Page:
How to File an Extension for your Tax Return

Do you need more time to file your tax return? While this may sound like a daunting task, filing an extension for your federal return is one of the easiest things when it comes to taxes. It’s as easy as completing the appropriate form and submitting it. Yet, why would you want to do this?

Quite simply, it allows you some room to breathe. Perhaps you got busy and forgot the deadline was approaching, or maybe you’re still searching for certain documents required to complete the return. If you know you won’t meet the IRS deadline of April 15, simply file IRS Tax Form 4868, and buy yourself some time. 

What is a Tax Extension?

When filing for an extension, you are basically asking the Internal Revenue Service (IRS) to provide you an additional six months to file your federal tax return. So, rather than having a deadline of April 15, the extension will give you until October 15. 

To begin the process, you simply file Form 4868 either on or before April 15 in place of your return. Extensions are automatic, so you don’t have to wait for the IRS to approve your request. 

As soon as they receive the completed form, the process is over for you. Once this happens, you just have to worry about getting the return filed before your new deadline. 

What happens if You Owe Money on Federal Taxes?

If you owe money to the IRS, unfortunately, all payments are still due by the original tax deadline. Filing an extension will not generally give you more time to pay your taxes, it simply gives you additional time to file the return. It’s important to know that if you don’t pay on time, the IRS can charge interest and penalties on all payments received after the deadline. 

So, to put it simply, the extension allows you additional time to file the return, but not additional time to pay the taxes due.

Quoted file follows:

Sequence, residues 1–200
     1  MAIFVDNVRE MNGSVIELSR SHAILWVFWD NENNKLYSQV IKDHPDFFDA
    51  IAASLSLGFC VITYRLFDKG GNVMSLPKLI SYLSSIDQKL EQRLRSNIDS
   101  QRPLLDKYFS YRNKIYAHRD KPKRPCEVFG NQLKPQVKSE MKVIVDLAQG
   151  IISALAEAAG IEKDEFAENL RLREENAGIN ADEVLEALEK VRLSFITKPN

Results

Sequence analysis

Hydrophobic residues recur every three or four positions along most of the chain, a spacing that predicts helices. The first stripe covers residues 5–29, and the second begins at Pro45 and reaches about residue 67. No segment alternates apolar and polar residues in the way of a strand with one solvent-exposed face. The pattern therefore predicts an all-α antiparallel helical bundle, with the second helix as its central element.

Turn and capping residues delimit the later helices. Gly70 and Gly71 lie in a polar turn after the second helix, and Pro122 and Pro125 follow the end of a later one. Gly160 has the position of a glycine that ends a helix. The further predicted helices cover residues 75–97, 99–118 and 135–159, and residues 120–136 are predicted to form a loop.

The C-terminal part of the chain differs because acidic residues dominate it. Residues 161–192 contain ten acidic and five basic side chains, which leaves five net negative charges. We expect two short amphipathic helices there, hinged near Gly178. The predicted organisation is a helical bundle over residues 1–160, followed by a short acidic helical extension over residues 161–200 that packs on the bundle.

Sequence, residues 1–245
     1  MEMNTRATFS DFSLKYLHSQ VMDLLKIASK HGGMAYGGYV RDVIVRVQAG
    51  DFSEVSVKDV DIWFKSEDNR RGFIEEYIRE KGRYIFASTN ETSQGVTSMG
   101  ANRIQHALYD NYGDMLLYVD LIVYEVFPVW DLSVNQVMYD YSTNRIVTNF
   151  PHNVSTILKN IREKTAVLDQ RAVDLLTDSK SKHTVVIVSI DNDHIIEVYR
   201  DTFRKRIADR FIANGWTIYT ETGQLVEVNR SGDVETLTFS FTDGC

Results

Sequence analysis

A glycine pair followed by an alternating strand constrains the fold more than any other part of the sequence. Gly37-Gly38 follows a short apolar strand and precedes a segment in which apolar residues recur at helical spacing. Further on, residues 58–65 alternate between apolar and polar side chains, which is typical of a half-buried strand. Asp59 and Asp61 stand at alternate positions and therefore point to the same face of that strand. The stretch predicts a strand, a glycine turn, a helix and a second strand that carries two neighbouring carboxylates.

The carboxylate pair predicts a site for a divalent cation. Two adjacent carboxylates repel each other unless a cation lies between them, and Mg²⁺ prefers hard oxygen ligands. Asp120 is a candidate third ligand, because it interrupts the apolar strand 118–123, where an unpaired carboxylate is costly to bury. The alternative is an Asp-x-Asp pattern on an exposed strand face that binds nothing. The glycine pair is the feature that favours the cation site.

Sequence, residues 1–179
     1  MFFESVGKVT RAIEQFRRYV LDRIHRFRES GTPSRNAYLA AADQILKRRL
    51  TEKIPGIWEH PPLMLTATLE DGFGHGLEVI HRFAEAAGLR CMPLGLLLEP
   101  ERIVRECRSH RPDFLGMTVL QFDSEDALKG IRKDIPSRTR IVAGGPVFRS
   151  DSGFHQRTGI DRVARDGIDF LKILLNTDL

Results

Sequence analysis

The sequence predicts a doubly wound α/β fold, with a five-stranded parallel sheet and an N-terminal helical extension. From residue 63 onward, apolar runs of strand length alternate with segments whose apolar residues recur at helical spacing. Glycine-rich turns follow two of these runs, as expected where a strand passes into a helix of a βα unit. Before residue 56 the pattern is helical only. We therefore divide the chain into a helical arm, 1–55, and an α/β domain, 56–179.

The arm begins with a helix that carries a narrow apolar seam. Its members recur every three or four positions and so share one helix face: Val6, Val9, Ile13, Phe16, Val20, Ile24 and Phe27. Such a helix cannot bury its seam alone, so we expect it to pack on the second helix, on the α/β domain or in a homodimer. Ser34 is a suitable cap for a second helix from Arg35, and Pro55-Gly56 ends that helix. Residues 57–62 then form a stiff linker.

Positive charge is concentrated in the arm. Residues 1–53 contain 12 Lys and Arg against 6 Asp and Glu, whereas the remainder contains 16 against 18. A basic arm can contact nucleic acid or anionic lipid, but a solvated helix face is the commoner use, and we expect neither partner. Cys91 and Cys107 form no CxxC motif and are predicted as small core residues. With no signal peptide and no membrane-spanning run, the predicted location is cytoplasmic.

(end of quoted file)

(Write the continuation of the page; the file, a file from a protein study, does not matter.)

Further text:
The best plan of action is to send the estimated payment amount when you submit the extension form. It’s okay to estimate the amount owed, and you should do this even if you’re not 100% sure you owe money. 

In general, it’s a good idea to prepare the tax return ahead of time, even if you don’t plan to file it in time. This will give you an idea if you will owe money, or not. It also gives you a good idea of how much to send. 

Don’t worry, if you estimate wrong, and overpay, the IRS will issue you a refund. When it comes to paying taxes, it’s always better to be safe than face penalties. Alternatively, if you don’t pay them enough you won’t be penalized or charged interest. Instead, you’ll simply owe the amount you were short.

What if You Can’t Make the Entire Payment?

If you cannot afford to make your tax payment in full, many times you can set up installment agreements with the IRS. This will allow you to off the debt overtime. If you visit the IRS website, you can apply online to see if you qualify for a payment plan. They will notify you immediately if you are approved or not. 

How Do You File for an Extension?

You’ll need to go to the Internal Revenue Service’s website and download Form 4868. This form is also called the “Application for Automatic Extension of Time to File U.S. Individual Income Tax Return”. 

If you previously calculated your taxes, and found that you owe money, go ahead and write a check for that amount and mail it along with the extension. 

The form will include a list of addresses which tells you where to send your payment and the form. Where you have to mail will depend on which state you reside. It’s always a good idea to send the extension via certified mail with a return receipt requested. Doing so will give you proof of the date it was mailed, and inform you when the IRS receives it. Just keep in mind it has to be postmarked on or before April 15. 

If you’d rather do the process online, you can do so right on the IRS’ website. If you do it this way, you won’t have to worry about mailing the paper form, and you can use IRS Direct Pay to make the required payment. While completing the payment be sure to mark it as an extension payment. The IRS will receive the information and know that you are requesting an extension. 

In the end, ignoring a tax return is a bad idea. It’s best to be proactive, and try to work with the IRS to make an arrangement that makes you both happy. Filing an extension is a great way to buy more time when it comes to filing the paperwork. However, since you will not be given extra time to pay, you’ll also want to address that immediately if you think you owe taxes.